Friday, 25 January 2013

Converting Programs from MC-10 to Coco

Converting MC-10 Basic source code to Coco Basic requires paying attention to the following special instances where Coco Basic requires spaces after variable names and the following commands (the version of MS Basic for the MC-10 seems to have eliminated these possible confusions and thus allows complete packing of all lines):
All screen pokes have to be changed to reflect the change of the start value for the MC-10 screen (16384) and the Coco screen (1024).  The MC-10 does not have an ELSE command, so all cases of the use of this must be modified.  If the last command of an IF preceding an ELSE  statement is a GOTO, than all one must do is move the subsequent commands to the next line.  If not, then a GOTO will have to be added to jump over this new line. 

I add a routine (10000-10004) to handle the high speed poke of the Coco.  The MC-10 runs its basic programs about 10% faster than a Coco in regular speed, so some of the basic programs I have written really require the use of high speed.  But in other instances, high speed makes them a little too fast.  For the latter instances, I make using high speed optional so that people can use the lower speed as a difficulty level option, or learning mode. Otherwise, the routine (which someone on the Dragon Archive forums kindly gave me--Zephyr?) automatically pokes high speed for the Coco 3, but always prompts for Coco1 and 2s (and Dragons) just in case one's Coco 1 or 2 can't handle high speed. 

Any orange text screen use must be switched from the MC-10's POKE49151,64 to the Coco's SCREEN 0,1. Also, all the peeks to sense the keyboard rollover tables must be changed, because these are handled very differently between the two machines.  Here's the difference between how I continuously sense for key input on the MC-10
20 ONK(PEEK(17023)ANDPEEK(2))GOSUB1,2,3,4,5
These two peeks will return the value of whatever key is currently being pressed on an MC-10 keyboard and then consult array K to branch to the appropriate subroutine for that key.  K is a 255 unit numeric array in which the elements represent the ASCII values and what is stored in those values represent which subroutine to jump to.  Typically the arrow keys get assigned 1,2,3,4 and the space bar gets 5.  On the coco you must consult a sequence of peek locations to check if keys are being pressed and then consult a peek location for the ASCII value of the key being pressed.  For example the following will accomplish the same as the MC-10 code above:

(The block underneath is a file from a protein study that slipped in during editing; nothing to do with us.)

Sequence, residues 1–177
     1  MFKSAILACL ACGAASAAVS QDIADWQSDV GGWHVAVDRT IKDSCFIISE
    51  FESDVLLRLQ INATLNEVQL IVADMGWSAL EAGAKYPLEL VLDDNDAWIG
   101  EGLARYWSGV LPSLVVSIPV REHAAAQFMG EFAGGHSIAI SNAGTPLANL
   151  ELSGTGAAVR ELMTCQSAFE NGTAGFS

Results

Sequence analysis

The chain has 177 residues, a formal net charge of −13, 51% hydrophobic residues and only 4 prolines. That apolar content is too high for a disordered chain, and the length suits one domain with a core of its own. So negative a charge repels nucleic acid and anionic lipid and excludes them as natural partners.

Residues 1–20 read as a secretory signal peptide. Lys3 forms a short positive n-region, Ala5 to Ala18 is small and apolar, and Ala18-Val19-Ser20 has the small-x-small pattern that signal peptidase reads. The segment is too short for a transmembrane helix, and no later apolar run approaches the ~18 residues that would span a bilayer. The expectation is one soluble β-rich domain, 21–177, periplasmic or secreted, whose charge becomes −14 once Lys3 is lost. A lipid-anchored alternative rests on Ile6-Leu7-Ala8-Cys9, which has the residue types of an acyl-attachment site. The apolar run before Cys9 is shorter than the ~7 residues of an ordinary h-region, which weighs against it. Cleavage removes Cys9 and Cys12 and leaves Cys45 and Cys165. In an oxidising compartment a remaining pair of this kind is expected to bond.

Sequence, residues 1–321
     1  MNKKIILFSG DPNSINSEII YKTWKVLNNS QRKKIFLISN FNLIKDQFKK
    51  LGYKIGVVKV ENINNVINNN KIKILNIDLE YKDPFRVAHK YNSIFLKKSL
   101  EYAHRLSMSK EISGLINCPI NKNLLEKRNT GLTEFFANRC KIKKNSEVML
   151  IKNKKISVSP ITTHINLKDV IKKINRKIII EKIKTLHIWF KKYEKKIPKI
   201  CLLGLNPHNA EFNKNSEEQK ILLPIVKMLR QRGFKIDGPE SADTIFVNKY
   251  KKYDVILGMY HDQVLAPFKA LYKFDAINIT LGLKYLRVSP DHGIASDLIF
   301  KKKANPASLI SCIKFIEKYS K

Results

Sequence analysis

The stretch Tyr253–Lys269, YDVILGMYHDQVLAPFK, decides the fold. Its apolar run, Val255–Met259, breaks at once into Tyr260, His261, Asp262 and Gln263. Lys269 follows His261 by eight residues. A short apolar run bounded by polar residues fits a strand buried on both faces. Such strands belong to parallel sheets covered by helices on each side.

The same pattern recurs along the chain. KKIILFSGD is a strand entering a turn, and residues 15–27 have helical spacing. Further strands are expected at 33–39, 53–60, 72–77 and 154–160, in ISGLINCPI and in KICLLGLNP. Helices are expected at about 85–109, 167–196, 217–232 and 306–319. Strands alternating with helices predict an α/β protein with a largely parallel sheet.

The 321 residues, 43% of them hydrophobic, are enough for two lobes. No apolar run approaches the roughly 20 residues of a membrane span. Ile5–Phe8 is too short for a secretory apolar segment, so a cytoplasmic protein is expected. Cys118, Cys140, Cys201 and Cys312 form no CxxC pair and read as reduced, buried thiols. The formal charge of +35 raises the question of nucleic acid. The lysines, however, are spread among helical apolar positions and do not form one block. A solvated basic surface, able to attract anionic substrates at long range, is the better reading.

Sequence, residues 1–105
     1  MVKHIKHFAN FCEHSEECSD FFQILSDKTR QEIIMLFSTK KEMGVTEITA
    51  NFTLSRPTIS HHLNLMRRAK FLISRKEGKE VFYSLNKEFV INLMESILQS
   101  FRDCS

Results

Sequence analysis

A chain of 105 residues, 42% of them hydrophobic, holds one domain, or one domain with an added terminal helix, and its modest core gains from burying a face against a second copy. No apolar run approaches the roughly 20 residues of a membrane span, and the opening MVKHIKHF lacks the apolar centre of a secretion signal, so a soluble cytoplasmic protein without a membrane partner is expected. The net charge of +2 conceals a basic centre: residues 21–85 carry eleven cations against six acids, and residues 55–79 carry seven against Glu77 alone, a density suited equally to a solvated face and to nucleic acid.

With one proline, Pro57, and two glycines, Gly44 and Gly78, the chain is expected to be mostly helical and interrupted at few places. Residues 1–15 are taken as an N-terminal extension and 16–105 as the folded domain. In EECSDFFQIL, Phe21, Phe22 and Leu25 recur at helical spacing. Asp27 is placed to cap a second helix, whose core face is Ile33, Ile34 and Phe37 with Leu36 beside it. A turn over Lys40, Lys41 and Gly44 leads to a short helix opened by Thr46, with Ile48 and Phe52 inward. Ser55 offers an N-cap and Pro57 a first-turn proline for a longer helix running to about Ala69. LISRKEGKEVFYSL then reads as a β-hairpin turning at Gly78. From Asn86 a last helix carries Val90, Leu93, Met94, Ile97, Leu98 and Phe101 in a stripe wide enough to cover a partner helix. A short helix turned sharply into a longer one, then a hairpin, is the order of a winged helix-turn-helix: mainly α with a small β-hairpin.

19 ONK(PEEK(135)) GOSUB8,9,10,11,12:RETURN
20 ON1-((PEEK(345)ANDPEEK(344)ANDPEEK(343)ANDPEEK(342)ANDPEEK(341))=255) GOSUB19
In most of my programs the main loop (along with input like that above) is usually located in the 20-25 line range.  So I just have to go and change the MC-10 code for the above.  This is not usually a problem as the Coco allows 256 long character lines (versus the MC-10s 128 character limit) and with the speedup poke's slightly higher speed, no appreciable loss of speed occurs.  I have discovered that Coco 2s with Extended Basic versions  1.2 and above need to have the peek addresses (345-341) in the rollover table poked with 255 before consulting them, as they are not reset when the key stops being pressed.  Even with this large number of pokes, the speed typically only drops back to the level of the MC-10, which was as I said, about 10% faster than an un-double-speed-poked Coco.  I learned about this problem from Zephyr on the Dragon forums and from Arthur Flexser.  Zephyr noted:
The truth is that Tandy modified the keyboard routine slightly for v1.2, and added the following extra code at the start. This was done in an attempt to speed-up BASIC when no keyboard input was required. They quickly realised that this caused problems for existing BASIC software that read the keyboard by peeking the rollover table. The extra code was then removed for the CoCo 3.
Other than such changes, the machines are pretty much the same if one is not using high res graphics or any other Extended Basic commands not available in the MC-10 such as PRINT USING, ATAN, STRING, etc.  But most of these functions can be recreated in Basic.  The old Coco manual "Getting Started With Color Basic" provides some useful subroutines, such as one for ATAN, which I needed when I ported the classic  8-bit astronomy program SKYSCAPE:

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